Pg. 256 The Witness of God

    Saturday, November 13, 2010 at 5:38 am | Permalink
  11. Mark Van Steenwyk wrote:

    Throwing around the charge of blasphemy is pretty serious. I don’t hear anyone equating the Church with Christ. But, since we participate in the divine nature and, through our own afflictions complete the sufferings of Christ, it is foolish to simply reject outright any sort of exploration of the way in which the Church might be considered a continuation of the Incarnation. We are the Embodiment of Christ who is filled with the Same Spirit. We have the Mind of Christ. These things, while not exactly the SAME as being the Incarnation ourselves, certainly gives us freedom to say we are Incarnational.

    Saturday, November 13, 2010 at 6:33 am | Permalink
  12. Tim Y wrote:

    I think it is always good to think about the ways in which we are not Christ. Obviously, it is always a temptation for human reasoning to lift ourselves up to godlike status, instead of being lifted up by the redemption of Jesus.

    But, I think this issue is a symptom of the larger issue of the analogy of being. Barth wants a sharper division between human and divine exactly because there is a fear that we will create false gods for ourselves. I guess it really depends on what we think the term “incarnational” means. If the meaning is that we are little christs or that the church on its own merits conveys salvation to others, then yes, it is idolatry. But, if we participate mysteriously through baptism in Christ’s life, death and resurrection, then there should be a qualified sense in which our lives could be called incarnational, don’t you think?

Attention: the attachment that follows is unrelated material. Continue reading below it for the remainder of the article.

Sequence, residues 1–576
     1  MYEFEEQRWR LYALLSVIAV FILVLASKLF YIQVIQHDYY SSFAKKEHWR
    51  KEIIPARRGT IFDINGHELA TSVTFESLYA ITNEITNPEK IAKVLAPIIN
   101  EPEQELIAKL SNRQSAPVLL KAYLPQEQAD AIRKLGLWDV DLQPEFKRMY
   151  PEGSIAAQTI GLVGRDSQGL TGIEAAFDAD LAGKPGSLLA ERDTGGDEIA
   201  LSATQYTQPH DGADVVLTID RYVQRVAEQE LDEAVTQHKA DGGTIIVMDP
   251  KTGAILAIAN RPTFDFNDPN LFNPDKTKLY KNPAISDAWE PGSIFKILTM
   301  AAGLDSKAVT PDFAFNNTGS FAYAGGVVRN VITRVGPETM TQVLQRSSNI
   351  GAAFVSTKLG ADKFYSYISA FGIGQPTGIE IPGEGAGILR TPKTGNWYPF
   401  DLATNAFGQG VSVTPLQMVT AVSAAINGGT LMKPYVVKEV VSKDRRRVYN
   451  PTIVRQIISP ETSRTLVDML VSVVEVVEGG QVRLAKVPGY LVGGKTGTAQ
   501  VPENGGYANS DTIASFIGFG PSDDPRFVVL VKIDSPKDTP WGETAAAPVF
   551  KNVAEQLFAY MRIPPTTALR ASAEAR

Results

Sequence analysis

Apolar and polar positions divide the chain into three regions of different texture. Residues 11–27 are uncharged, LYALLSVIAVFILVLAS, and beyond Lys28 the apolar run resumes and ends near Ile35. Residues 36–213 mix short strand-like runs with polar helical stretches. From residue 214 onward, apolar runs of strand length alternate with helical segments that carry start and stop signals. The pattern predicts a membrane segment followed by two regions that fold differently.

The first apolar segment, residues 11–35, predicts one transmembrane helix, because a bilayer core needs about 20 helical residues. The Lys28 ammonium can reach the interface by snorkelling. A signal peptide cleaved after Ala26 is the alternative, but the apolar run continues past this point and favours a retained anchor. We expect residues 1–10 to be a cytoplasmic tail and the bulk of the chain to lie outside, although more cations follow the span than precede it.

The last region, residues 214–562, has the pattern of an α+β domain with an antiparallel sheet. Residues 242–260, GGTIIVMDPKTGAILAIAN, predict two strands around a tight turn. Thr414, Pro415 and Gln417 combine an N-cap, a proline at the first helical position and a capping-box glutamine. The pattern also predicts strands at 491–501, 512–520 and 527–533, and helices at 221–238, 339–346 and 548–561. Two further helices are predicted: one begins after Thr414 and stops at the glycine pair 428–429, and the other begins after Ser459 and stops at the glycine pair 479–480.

I still have to think about this as it seems to be a very deep issue with lots of implications.

    Saturday, November 13, 2010 at 7:39 am | Permalink
  13. Chris Grataski wrote:

    i think that’s a helpful comment, mark. I would want to acknowledge, though, that what it appears Halden and Nate, among others, are “up to”, has much to do with participation, suffering, embodying Christ and so on. in fact, sometimes it sounds almost like theosis, for them, is necessarily bound up with the option for the poor (is this right Halden?).

    And the charge of blasphemy seems also to be part of a wider critique of ideologies prevalent in the church which often tend to, on the ground, sneak the preferential option out the back door.